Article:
Creative Commons License

Republish our articles for free, online or in print, under a Creative Commons license.

Imaging of the skull and brain
Photo by Nur Ceren Demir on iStock

One morning, on the way to the chow hall, I spotted a strange white plastic dome bobbing up and down on a guy’s head. It was easy to spot, even though he was far in front of me in the breakfast line. I heard murmurs as others also took notice.

I first thought it was a hockey helmet, and that maybe we had an ice rink I didn’t know about. After all, San Quentin State Prison offers its residents more programs than other joints. But the truth of the helmet turned out to be much more complicated than I originally thought, and it illuminated a common problem in prisons across the United States.

Days later, that same helmet came up in line behind me. I had been referring to the helmet’s owner as “Crash” because his helmet reminded me of the ones crash test dummies wear. I introduced myself to Crash, and he told me that his real name was Jon Spencer. We got our food trays, sat down together, and Spencer told me his story.

Spencer, 29, said he was incarcerated at Riverside County Jail in Southern California almost seven years ago, awaiting trial. One night he was drawing a picture while sitting on his upper bunk in a 74-bed dorm. He blacked out and fell 4 feet off his bed to the floor. On the way down, his shoulder hit the edge of the bottom bunk. He leaned against the wall for several minutes before he regained consciousness. He was told he had been convulsing in seizures during his blackout while other inmates yelled “man down” and alerted jailers.

When staff responded, they made sure he hadn’t swallowed his tongue. Then they rushed him to a hospital, which kept him for three days of observation. X-rays revealed he had a tumor in his head.

Spencer said the hospital released him back to jail. In total, Spencer would have to wait more than a year for an operation to remove the tumor, in 2017. During that time, Spencer said the tumor kept growing. It peaked at 2 centimeters, about the size of a peanut.

No one told Spencer about the hole in his head until after his postoperative transfer back to prison. All he had was a bandage on his head until he went to Wasco State Prison, he said. There, a doctor, during an intake exam, pushed on the hole in his head and caused him to black out.

He awoke to find the doctor had pulled up his shirt and was probing his stomach area. Spencer yelled at the doctor, “What are you doing?”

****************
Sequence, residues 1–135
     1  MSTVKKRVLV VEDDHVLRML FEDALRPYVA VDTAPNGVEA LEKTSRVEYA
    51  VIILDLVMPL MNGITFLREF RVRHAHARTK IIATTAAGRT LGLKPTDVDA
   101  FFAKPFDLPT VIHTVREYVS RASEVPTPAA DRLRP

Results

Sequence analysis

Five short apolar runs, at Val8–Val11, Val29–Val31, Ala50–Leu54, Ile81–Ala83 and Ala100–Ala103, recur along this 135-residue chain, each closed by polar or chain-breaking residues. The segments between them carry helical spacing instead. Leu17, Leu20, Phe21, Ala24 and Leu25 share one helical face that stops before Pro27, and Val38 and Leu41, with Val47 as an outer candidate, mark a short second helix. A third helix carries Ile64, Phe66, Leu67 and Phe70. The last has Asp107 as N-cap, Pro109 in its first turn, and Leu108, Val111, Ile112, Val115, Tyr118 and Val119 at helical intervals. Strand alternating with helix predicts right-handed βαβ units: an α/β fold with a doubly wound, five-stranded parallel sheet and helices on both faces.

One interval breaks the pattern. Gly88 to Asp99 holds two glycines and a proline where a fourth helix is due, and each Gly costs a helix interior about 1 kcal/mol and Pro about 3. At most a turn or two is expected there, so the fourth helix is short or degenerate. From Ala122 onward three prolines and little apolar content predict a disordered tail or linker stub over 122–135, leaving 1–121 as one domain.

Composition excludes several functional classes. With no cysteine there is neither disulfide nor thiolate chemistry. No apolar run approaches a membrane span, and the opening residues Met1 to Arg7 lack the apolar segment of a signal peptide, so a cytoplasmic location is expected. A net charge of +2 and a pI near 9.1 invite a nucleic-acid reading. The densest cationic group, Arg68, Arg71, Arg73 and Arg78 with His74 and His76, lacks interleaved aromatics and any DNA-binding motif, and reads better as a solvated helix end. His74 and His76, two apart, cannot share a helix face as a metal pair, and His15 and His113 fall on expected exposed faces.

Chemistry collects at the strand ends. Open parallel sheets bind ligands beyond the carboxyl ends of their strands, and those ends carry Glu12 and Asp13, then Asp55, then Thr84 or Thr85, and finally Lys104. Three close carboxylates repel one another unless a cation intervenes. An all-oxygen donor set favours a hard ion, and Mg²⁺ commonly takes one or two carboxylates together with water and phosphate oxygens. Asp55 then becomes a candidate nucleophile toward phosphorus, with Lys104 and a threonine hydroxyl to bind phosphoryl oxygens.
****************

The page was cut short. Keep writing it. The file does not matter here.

The doctor shouted back, “I’m looking for your skull!”

The doctor explained that Spencer was missing a piece of his skull where the tumor had been removed, leaving a “hole” in his head. He would need an operation to put a plate over the hole.

The doctor told Spencer it was common during cranial operations to graft skull pieces to the stomach, which offers good storage with its warm, sterile environment and circulating blood supply. But in Spencer’s case, surgeons forgot to reattach the pieces of his skull. This doctor was poking around for the piece of missing skull but didn’t find it.

Wasco State Prison gave Spencer a soft leather helmet to protect the hole. Later, in his next prison, California State Prison, Corcoran, the medical department exchanged it for the hard plastic one he now wears.

Prison medical staff have told Spencer the California Department of Corrections and Rehabilitation will not send him to a medical facility for his needed plate operation. It seems that since his injury was preexisting from his fall in the county jail, it is the responsibility of Riverside County to fix the issue. A spokesperson for CDCR declined to comment, citing state and federal privacy laws.

Spencer has been waiting close to seven years for a skull plate. It seems his only option in prison is to wear the helmet. He now wears it when sleeping; it’s a 24/7 issue.

Spencer said it’s unlikely the state will pay to fix his skull at this point. He said he is seeking legal action — or else he will have to pay for surgery himself.

Spencer is upset about his skull, but he also is a strong person who keeps a positive outlook on life. He seems to have adapted to his new helmet lifestyle.

Before his fall, Spencer was an active artist, but his drawing ability was affected by the accident. He has spent many hours trying to bring his talent back to where it was before. It’s not there yet, but he’s improving with practice.

Disclaimer: The views in this article are those of the author. Global Forum Online has verified the writer’s identity and basic facts such as the names of institutions mentioned.

Randy Hansen is a writer and a member of San Quentin News’ Journalism Guild. He is a business owner incarcerated in California.